2020 vision: the year of sustainable business
As the start of a new decade peers over the horizon, many business leaders will be looking back on how much has changed over the last...
Happy New Year!
As the start of a new decade peers over the horizon, many business leaders will be looking back on how much has changed over the last ten years. The smartphone has transformed everything, AI and automation have begun to take hold, Brexit and wider geopolitics have overwhelmed decision-making – there’s a lot to reflect on.
While technology was definitely the game-changer in the 2010s, next year heralds a new focus for business leaders around the world: sustainability. Sustainability isn’t just about recycling or fair trade practices, as important as these are. It touches every part of a company, from its supply chain operations, to its talent practices, to the physical workspace itself. In 2020 and in the years beyond, this shift to sustainable business will take shape in several major and transformational ways.
Supply chains: Going circular
The first fundamental shift we will see in the next year will be some of the world’s biggest companies actively transforming their supply chains to become ‘circular’, under pressure from ethically-minded consumers. With consumers now looking to the corporate world to help them reduce their carbon emissions and cut down on the plastic filling our oceans, in 2020, the onus is firmly on businesses.
To start making the right moves before it’s too late, businesses need to move from an ‘out of sight, out of mind’ production model to being accountable for their whole end-to-end supply chain. This means no longer simply making shampoo and shipping it out in a plastic bottle, but being responsible for where that bottle ends up and how it gets there.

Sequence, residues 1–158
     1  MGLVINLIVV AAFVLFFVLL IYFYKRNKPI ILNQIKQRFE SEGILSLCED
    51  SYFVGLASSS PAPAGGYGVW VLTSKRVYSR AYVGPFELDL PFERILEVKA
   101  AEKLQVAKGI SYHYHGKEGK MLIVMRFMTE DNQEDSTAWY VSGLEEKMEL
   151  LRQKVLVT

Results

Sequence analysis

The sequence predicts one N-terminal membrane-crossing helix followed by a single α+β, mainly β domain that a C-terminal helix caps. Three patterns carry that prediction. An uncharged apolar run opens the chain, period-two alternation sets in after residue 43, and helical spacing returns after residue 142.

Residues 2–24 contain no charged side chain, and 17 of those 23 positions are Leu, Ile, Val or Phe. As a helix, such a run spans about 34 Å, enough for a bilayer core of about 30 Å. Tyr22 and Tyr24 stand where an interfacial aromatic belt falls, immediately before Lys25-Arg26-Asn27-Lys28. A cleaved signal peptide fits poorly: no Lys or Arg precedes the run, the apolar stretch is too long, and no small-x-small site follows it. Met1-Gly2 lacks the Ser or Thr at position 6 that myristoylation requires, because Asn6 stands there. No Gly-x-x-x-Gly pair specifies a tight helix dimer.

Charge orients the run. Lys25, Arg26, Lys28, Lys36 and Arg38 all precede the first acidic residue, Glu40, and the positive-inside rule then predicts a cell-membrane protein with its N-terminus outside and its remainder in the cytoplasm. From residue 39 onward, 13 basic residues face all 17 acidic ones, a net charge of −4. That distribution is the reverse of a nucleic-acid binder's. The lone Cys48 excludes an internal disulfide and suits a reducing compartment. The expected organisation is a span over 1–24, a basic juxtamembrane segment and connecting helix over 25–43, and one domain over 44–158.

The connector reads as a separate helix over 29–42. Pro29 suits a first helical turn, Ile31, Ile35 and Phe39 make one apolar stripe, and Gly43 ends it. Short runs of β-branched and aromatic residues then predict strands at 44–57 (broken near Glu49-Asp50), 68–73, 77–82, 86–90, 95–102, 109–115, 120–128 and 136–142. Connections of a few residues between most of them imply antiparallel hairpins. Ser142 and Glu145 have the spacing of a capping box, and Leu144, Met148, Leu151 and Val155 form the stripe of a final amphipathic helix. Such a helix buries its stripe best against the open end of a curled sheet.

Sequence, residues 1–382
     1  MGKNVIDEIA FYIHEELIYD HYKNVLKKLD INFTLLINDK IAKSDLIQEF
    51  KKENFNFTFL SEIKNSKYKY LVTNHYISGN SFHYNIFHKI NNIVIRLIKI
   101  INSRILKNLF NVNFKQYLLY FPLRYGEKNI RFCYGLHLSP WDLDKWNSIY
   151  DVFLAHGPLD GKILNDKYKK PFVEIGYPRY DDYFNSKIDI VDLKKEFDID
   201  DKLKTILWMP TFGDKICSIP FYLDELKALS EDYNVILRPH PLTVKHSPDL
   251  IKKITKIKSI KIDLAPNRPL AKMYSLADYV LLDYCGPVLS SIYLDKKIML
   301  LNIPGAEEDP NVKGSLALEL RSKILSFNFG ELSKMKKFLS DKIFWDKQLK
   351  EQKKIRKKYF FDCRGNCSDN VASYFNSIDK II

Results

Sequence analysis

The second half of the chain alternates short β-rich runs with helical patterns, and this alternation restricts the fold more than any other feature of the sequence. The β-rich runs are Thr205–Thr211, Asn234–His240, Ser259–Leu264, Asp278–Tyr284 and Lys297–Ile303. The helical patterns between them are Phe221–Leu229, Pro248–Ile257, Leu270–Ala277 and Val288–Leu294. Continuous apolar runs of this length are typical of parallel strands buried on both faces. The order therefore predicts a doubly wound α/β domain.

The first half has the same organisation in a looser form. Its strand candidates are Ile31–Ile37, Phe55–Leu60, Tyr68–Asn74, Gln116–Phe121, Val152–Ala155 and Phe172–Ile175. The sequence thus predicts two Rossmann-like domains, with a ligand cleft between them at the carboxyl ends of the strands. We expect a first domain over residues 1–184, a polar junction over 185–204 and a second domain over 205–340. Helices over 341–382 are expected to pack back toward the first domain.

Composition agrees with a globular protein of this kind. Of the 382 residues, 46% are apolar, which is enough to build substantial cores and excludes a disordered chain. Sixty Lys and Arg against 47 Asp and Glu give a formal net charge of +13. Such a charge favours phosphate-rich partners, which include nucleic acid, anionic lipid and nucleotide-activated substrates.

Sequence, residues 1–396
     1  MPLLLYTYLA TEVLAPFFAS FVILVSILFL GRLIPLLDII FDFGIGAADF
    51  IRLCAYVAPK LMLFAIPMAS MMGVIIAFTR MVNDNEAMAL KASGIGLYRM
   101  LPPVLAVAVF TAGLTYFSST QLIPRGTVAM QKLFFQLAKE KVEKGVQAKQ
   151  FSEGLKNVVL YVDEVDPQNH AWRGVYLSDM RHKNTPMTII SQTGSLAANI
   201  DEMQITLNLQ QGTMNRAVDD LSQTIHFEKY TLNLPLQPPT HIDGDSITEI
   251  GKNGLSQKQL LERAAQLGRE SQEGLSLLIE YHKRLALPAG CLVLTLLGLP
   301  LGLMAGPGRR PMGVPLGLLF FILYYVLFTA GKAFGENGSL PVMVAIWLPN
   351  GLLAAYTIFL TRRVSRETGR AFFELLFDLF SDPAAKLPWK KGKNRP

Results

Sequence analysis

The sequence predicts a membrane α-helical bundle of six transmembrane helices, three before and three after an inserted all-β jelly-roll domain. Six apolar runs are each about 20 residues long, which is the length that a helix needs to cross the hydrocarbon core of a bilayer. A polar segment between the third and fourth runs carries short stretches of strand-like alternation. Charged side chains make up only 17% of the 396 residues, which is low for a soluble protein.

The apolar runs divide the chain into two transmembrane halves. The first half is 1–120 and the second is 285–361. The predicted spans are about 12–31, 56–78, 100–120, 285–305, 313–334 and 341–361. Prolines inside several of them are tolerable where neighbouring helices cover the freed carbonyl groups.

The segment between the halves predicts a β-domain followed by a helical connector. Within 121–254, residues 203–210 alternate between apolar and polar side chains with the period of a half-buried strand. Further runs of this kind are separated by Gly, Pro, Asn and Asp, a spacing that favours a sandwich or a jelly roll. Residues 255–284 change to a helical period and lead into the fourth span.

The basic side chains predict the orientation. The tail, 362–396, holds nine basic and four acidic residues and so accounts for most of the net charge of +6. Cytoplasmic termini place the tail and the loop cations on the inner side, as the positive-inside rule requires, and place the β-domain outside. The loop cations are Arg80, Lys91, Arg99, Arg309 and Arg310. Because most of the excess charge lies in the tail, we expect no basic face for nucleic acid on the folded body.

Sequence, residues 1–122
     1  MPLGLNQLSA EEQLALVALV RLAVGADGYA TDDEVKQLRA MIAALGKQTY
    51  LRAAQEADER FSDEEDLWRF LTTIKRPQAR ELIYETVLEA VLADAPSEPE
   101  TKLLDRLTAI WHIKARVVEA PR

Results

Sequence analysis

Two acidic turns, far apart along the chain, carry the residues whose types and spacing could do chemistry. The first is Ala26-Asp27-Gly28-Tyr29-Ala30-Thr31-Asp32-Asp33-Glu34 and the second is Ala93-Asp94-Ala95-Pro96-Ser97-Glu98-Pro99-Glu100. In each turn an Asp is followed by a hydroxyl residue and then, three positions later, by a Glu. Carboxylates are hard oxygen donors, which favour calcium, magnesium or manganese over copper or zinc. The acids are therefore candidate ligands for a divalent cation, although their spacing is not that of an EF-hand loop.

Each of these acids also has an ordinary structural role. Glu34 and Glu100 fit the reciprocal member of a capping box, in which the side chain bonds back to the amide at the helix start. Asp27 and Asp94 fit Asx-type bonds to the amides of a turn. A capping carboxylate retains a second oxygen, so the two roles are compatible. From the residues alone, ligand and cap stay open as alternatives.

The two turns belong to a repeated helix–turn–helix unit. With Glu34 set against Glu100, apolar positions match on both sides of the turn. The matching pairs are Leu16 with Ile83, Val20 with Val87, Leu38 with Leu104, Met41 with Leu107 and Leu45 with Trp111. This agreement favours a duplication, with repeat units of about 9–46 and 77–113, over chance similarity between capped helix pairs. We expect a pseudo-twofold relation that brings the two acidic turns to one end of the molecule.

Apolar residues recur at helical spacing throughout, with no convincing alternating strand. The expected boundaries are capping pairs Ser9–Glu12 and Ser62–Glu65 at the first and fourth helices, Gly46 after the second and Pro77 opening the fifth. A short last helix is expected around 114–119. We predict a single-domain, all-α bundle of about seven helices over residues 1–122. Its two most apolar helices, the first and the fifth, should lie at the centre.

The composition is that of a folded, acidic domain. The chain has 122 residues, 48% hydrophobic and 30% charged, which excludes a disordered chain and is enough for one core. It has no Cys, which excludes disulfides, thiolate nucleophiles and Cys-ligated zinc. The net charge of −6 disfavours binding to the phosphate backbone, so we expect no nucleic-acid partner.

In 2020 we are likely to see at least one major global CPG strike up a deal with retailers for ‘refill stations’, where consumers can get discounts on their shampoo by taking old bottles back to be refilled, drastically cutting plastic waste and reducing carbon emissions. But circularity is not just about returns. Big companies will take more responsibility for the front end of their supply chain too, with ethical sourcing and provenance of product also an important part of the puzzle.
Workforces: Gig Economy gone good
To truly make circular talent models stick, however, businesses need to think about how best to ensure sustainability in their roles. This means giving people the ability to work anywhere, anytime. Flexibility is a cornerstone of sustainable business, and nowhere is this more championed than in the gig economy.
In 2020 we’ll see the gig economy becoming integrated into large corporates, whereas previously they were restricted to digital natives. This will be possible through a focus on process changes and mindset which accepts that flexible working is part of the future and it is here to stay. At its core, the gig economy enables businesses to tap into talent pools that are hard to reach: those with caring needs, disabled people, or those outside of major cities. As almost every industry is now facing a major skills shortage, bringing the gig economy out of the shadows and into the corporate enterprise world will mean that in 2020, we will see previously untapped talent adding new or forgotten skills to the workforce.
The onus will be on big corporates to make the move to these sustainable talent models, enabling employees to come and go as they please, while ultimately helping drive the bottom line.
Workplaces: Enter the Trust Economy
All of the above relies on a huge degree of trust, both between suppliers and corporates, and employers and employees. Trust will enable transparency. And with transparency comes a whole world of possibilities, both within workplaces and across circular supply chains. Good job, then, that we will see the birth of the Trust Economy in 2020.
Making the Trust Economy a reality will rely on transforming corporate mentalities. In circular supply chains, having trust across the whole ecosystem is crucial for sustainability and ethical practices. Businesses must be trusted to source products ethically, and treat every worker in that supply chain fairly. Meanwhile, consumers place their trust in businesses who are doing all they can to be sustainable – through actions, not just words.